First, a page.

"Promotional Prose" is one of my absolute favorite entries of yours--it is so spot-on. I immediately thought of it when I saw the bride photo in this post...such an effective shot, and sadly such a far cry from what we'd ever see today.

And back to the bride herself, thanks so much for this excellent post--a really fascinating "Park Mystery" (perhaps because this one has a solution?). I had no idea full-sized mock-ups were used to the extent we see in that POTC photo.

Biblioadonis aka George said...

One of the articles in an E-Ticket Magazine (can't find that issue) has a letter from an Imagineer proclaiming that the bride was installed and in operation for the first six months of the Disneyland version. They offer a maintenance ticket that show the replacement and maintenance of the figure.

And for some reason, I remember seeing Tony Baxter with the late Bruce Gordon talk about how the bride was at Disneyland in the beginning. They had proof too. I think it was on the new Disneyland Treasures DVD.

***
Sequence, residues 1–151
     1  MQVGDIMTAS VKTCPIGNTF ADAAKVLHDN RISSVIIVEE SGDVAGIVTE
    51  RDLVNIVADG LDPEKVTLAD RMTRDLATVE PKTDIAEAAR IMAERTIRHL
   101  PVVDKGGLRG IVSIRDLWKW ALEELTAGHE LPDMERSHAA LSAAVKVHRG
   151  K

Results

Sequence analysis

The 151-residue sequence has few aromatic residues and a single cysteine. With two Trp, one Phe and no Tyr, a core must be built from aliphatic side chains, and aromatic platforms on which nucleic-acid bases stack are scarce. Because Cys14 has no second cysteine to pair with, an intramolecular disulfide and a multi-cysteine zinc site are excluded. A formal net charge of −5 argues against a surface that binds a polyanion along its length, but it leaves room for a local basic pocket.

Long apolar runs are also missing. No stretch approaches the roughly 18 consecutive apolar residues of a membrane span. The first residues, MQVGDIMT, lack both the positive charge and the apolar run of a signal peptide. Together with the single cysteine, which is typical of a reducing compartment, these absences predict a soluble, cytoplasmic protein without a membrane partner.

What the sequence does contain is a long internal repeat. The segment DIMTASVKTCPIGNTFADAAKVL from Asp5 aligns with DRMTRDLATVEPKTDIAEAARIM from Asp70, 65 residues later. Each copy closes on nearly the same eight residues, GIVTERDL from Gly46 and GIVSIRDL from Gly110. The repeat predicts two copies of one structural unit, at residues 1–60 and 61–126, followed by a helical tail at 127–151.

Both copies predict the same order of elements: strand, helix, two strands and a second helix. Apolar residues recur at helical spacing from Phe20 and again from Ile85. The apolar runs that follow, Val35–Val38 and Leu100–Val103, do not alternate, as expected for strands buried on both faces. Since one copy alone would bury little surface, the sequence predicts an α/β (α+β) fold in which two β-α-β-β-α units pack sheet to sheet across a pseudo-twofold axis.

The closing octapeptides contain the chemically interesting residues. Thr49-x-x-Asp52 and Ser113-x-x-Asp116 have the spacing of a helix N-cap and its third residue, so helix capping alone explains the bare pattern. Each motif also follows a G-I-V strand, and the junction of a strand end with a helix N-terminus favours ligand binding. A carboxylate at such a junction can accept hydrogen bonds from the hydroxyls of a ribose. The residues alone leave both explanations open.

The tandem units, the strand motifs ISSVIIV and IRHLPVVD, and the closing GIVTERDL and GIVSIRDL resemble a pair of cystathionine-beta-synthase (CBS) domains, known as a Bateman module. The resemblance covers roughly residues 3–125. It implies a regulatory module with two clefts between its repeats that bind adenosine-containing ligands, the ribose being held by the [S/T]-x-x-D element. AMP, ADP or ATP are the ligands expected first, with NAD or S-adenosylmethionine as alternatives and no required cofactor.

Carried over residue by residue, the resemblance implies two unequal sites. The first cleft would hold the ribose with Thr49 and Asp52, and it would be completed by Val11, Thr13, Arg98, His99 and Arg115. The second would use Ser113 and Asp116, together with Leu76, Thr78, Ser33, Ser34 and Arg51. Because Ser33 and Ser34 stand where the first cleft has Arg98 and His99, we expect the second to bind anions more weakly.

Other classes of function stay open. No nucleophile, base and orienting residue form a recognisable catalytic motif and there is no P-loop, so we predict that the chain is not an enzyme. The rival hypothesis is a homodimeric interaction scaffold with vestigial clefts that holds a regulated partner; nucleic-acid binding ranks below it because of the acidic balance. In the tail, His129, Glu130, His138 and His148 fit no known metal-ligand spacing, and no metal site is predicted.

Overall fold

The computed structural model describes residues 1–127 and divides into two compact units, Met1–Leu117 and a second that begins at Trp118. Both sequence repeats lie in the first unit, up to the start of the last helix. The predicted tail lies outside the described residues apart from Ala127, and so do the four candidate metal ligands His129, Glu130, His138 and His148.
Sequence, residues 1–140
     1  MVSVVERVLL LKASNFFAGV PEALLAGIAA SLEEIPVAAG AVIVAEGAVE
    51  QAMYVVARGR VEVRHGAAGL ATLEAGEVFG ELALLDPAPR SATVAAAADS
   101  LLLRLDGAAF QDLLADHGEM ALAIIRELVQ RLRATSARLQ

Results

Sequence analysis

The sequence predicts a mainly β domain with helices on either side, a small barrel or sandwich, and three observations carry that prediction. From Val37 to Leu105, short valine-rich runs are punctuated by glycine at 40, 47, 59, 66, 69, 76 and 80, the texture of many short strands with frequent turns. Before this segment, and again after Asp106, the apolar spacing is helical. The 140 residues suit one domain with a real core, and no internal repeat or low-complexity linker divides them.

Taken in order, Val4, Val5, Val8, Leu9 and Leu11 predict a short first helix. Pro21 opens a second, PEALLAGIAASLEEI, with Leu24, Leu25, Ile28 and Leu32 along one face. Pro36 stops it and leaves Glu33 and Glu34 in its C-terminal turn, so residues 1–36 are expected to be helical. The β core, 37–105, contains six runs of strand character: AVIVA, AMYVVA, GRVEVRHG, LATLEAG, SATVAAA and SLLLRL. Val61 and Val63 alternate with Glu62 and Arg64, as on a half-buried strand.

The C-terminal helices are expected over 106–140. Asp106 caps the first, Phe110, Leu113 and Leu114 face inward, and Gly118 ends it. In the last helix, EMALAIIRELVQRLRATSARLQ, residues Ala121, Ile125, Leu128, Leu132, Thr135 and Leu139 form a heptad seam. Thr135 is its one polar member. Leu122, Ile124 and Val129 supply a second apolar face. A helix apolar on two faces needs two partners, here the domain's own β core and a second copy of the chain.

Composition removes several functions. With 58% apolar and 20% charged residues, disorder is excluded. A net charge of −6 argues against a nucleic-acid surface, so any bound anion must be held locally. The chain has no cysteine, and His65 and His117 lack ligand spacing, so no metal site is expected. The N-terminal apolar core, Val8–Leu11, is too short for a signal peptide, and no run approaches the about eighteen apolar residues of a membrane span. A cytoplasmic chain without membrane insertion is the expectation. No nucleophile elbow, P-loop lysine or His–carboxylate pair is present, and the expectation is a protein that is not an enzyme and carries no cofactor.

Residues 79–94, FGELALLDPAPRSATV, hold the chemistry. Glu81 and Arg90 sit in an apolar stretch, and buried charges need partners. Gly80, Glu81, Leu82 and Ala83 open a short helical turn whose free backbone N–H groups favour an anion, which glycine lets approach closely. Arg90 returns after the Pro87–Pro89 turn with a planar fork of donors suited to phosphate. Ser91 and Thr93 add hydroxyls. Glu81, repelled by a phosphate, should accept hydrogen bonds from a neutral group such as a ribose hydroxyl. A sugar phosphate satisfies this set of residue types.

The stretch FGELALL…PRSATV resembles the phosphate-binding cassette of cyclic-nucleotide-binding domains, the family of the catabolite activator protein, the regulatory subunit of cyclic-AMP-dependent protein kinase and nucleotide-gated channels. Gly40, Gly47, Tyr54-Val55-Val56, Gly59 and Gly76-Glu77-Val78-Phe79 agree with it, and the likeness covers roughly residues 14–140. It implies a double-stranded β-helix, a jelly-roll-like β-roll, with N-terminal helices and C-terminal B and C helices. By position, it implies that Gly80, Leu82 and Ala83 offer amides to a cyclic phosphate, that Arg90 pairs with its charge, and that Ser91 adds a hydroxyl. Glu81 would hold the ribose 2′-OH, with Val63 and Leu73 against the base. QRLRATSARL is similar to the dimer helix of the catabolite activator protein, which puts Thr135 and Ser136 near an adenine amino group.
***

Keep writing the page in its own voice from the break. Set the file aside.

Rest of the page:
But for the life of me, I can't find that E-Ticket!

FoxxFur said...

Yeah, I'm not contesting that the bride was installed in the Disneyland Mansion - I'm contesting that the mock-up bride pictured at the top of this blog post was ever installed in the Haunted Mansion. The final figure was always there. If I had my CD-ROMs of Haunted Mansion stuff with me I could show you her exact original placement on the blueprint! She's called "Beating Heart" and she's on the bend in the attic across from the "Hat Box Ghost".

Josh said...

As always, I love your blog. This is fantastic!

Another piece of WDW was reported vanished this week by Jack Spence on his All Ears blog (www.allearsnet.com): the stage in Adventureland where the steel drum players used to perform in the long ago has now been transformed into Jack Sparrow's Pirate Tutorial stage.